St Swithun’s senior girls’ school and Winchester College are less than two miles apart geographically, and have long had links in many areas, both social and educational.
Winchester College is also one of few schools in the UK to have its own functional ring of bells, rung regularly by staff and pupils and used as a co-curricular training activity. As a parent of two daughters at St Swithun’s and an active member of the Winchester and Portsmouth Guild, it occurred to me in early 2015 that an untapped and rich pool of potential young ringing recruits existed on our doorstep, with the tools to train them already in place.
I approached Hugh Hill, the College master who runs the ringing, who responded enthusiastically to the proposal to join the schools in a co-curricular after school activity; the St Swithun’s clubs coordinator and headmistress were all for it too, and so I turned my mind to the practicalities of getting the initiative off the ground.
Ringing at the College chapel during the Summer term was not going to be possible because of the proximity of the bells to the rooms where the public exams are held; we agreed to kick off at the beginning of the new academic year, and so it was in June that I braved a school hall of a captive audience of six hundred girls and staff at their morning assembly to talk on my favourite subject.
With a time-constraint of fifteen minutes, I chose to focus on debunking myths and preconceptions about ringing which could be deterrents, emphasising the rich social opportunities of which established ringers are well-aware, and the liberal use of video clips of good-looking young male university students engaged in expert ringing. The obligatory Mars Bars Monks were well-received, and some basic maths, physics, history, Greek and Latin, religion and politics got the teaching staff onside.
I invited the girls to a taster session at Winchester Cathedral, and organised plenty of handling teachers, so that they could all have a try. Seven girls and two staff members came on that evening, with others interested but unable to come, it being the last Wednesday of term. We showed them the bells, they all had the opportunity to try some basic handling, and were treated to some of the best ringing the Cathedral band could produce on the occasion.
Moving forward to the Autumn, I turned my mind to the practicalities of training several complete novices on a Tuesday afternoon in a fifty-minute slot. I am not myself a handling teacher, and have a full time job, as do many of the local teachers; I rearranged my work timetable so that I could at least be present, and approached as many of my ringing teaching friends I could think of who are no longer in employment on a weekday afternoon . Because the girls are always accompanied by school staff members, we were able to circumvent any cumbersome disclosure checks. Charles, Edmund, Bruce and Colin rose to the occasion, and have been stalwart, patient and faithful teachers throughout the club’s first term.
The girls signed up for their after-school clubs at the start of the Autumn term, and we ended up with six girls – one already a competent rounds and call-changes ringer – and three staff members, one of whom is an experienced ringer. Everything appeared to be in place for an early September kick-off, when a spanner was thrown in the works; the clock mechanism at the College chapel packed up, and we were unable to ring until Smiths were able to come to fix it. Keen not to lose momentum, I requested permission to ring at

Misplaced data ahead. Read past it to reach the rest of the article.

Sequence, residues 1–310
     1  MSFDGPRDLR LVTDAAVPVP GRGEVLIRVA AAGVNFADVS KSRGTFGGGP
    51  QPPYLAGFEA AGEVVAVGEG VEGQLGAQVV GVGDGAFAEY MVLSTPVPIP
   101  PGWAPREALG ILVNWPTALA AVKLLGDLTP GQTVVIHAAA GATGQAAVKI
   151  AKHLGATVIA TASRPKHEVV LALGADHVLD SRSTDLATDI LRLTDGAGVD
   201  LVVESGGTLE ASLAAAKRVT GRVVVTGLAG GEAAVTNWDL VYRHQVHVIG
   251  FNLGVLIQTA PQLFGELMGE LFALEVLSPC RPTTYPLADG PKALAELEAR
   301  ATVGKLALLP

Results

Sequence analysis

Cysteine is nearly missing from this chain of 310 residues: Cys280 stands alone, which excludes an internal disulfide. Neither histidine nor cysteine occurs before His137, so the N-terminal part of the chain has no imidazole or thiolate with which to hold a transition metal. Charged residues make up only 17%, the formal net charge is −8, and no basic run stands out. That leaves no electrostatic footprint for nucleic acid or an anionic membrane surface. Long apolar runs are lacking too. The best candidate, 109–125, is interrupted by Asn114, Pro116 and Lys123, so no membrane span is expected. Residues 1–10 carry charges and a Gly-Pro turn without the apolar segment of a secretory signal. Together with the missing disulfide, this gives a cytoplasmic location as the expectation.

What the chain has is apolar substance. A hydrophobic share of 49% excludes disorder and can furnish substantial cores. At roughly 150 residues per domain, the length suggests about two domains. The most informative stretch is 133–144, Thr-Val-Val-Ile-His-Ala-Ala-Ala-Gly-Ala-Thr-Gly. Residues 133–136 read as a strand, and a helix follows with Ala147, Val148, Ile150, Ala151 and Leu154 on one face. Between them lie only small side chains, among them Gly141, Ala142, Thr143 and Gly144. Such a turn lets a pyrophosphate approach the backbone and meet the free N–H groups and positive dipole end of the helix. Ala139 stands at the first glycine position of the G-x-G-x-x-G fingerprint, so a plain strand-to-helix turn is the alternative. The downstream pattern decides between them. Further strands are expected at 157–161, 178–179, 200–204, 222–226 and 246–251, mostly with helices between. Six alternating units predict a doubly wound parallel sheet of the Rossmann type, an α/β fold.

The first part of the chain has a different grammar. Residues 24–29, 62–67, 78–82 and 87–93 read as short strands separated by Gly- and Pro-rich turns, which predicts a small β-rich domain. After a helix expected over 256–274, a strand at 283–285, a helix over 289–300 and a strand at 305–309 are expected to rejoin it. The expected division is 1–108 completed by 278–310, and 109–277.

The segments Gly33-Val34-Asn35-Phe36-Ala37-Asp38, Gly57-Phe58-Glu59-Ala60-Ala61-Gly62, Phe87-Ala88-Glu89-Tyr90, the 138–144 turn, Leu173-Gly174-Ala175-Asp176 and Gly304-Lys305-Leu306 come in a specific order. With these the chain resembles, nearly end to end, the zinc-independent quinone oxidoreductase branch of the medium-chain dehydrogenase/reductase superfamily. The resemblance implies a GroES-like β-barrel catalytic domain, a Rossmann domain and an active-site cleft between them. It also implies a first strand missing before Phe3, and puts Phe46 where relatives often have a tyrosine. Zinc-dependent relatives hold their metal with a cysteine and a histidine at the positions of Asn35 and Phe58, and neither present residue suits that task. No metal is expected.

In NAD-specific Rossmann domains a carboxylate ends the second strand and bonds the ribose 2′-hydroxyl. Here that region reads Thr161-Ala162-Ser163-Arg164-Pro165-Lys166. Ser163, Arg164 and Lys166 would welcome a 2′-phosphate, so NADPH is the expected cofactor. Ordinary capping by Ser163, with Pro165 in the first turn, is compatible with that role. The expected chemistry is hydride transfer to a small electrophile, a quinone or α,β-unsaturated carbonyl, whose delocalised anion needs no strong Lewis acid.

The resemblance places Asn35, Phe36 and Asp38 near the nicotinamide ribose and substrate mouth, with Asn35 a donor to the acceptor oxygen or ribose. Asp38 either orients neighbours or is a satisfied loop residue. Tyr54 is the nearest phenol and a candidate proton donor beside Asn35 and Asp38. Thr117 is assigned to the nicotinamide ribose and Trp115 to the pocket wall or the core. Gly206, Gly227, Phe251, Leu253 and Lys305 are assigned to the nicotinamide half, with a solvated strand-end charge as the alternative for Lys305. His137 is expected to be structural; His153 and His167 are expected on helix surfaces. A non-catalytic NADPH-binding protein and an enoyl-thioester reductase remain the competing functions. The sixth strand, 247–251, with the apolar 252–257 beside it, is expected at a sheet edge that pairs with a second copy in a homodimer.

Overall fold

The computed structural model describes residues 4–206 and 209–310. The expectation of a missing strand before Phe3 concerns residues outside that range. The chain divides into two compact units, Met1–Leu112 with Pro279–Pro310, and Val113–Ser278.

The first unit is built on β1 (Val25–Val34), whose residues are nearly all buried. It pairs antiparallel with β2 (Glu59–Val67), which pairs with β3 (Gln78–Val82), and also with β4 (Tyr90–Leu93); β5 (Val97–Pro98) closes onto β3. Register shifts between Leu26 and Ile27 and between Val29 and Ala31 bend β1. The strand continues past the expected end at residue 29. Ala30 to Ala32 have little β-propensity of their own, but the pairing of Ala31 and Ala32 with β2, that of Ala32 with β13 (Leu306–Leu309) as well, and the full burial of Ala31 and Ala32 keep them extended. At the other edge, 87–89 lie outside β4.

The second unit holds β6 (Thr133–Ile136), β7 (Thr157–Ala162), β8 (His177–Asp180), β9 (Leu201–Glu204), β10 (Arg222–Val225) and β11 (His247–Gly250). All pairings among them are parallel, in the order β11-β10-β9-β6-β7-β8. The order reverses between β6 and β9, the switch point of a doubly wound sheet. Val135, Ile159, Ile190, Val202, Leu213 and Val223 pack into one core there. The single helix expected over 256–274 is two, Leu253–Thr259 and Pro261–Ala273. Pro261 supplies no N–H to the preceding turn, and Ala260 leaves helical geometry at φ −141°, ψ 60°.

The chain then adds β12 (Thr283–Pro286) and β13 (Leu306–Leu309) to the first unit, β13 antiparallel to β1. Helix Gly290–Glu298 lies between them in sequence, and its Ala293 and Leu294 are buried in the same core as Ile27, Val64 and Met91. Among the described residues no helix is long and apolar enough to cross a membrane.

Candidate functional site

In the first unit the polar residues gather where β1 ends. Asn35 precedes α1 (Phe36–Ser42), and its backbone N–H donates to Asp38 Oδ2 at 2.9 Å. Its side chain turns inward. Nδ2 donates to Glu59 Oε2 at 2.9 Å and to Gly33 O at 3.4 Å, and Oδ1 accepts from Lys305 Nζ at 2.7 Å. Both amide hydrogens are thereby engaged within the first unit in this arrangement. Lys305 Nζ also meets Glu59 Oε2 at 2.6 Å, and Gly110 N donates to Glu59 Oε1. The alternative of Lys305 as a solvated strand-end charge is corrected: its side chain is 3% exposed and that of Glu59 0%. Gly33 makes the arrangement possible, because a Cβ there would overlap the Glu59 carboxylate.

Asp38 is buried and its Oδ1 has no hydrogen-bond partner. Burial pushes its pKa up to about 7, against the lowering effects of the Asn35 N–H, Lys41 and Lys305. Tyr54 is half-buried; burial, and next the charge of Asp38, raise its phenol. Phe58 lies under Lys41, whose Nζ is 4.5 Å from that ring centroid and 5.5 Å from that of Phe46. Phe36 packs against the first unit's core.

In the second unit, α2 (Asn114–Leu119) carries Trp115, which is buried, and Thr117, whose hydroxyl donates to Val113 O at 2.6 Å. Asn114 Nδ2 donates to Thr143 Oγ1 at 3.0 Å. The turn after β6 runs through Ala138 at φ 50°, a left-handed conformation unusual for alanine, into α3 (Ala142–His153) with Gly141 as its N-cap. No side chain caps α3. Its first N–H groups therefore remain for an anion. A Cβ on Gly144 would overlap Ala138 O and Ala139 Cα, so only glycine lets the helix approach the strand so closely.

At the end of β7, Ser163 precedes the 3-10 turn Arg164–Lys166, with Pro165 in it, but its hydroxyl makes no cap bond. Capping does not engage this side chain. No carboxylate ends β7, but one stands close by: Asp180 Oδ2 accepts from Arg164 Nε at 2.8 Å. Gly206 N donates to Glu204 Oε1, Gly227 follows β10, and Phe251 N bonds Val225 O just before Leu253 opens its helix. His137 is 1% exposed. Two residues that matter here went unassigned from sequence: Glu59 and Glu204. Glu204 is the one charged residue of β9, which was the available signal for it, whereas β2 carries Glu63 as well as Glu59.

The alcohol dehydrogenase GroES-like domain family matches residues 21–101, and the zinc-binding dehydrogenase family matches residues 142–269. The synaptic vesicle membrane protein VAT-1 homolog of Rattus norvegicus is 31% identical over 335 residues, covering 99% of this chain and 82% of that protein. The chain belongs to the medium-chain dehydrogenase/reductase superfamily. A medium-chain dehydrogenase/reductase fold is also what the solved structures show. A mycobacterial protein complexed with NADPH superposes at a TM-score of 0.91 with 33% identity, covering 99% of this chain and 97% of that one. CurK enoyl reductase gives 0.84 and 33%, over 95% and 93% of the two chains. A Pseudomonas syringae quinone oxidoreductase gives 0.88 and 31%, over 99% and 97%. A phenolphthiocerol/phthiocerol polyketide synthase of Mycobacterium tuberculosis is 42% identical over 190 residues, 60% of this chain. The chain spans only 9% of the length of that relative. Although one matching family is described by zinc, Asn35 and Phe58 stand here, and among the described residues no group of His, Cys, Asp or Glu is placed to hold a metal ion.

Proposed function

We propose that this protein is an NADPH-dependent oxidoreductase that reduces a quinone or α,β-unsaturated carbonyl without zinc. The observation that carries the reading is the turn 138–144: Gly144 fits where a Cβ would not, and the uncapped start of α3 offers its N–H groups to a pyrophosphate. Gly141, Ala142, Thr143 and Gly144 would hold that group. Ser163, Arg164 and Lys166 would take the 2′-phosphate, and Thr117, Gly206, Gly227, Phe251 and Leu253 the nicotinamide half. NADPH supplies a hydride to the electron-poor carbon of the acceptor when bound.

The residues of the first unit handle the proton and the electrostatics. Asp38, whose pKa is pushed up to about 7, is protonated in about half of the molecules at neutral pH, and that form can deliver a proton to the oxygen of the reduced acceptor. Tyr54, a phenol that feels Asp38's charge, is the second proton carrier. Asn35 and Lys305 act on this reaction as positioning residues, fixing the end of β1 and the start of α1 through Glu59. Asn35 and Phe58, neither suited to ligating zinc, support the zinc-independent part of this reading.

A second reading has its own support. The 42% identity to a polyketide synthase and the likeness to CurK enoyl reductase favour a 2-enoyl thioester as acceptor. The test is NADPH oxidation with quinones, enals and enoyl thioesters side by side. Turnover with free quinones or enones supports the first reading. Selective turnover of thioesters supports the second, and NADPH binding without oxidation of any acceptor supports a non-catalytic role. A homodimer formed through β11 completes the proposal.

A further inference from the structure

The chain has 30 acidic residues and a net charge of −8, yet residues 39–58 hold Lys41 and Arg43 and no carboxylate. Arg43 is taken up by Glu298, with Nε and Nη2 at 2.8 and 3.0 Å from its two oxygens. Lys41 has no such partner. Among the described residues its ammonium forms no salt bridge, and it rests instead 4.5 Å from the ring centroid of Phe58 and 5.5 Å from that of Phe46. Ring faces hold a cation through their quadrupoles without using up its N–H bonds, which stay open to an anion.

Cheriton, my local church, and both the girls and the College boys were duly transported to the countryside for the first four weeks.
With such a high ratio of teachers to pupils, we have been able to give the girls plenty of rope time, despite the time constraints, although ever conscious of the racket that must be apparent from the outside! After one term, they are all handling independently (with watchful supervision) and the College boys have been able to make significant progress with the increase in the number of experienced ringers at their practice. The novices are all now probationary Guild members, affiliated to the College, and have been given the incentive that with enough improvement, we can perhaps get a band together to ring for the school end-of-year service at Winchester Cathedral, and for their Carol service next Christmas.
Moving forward to next term, all the girls seem keen to return; feedback from my daughters is that ringing is perceived as a quirky and fun activity, different in so many ways from the plethora of after-school clubs on offer, and that there are quite a few girls thinking of trying it out. We will, however, give priority to existing pupils, and will be constrained by the number of girls that can be accommodated in the school minibus, the number that can be safely squeezed into the tower, and how many we can reasonably train at any one time, and so we have pointed several girls in the direction of their own local tower.
For now, the future of the club looks healthy. And next Summer term, we will return to Cheriton, with the kind permission of the church wardens, so that no exam candidate is distracted by our no-doubt much-improved ringing.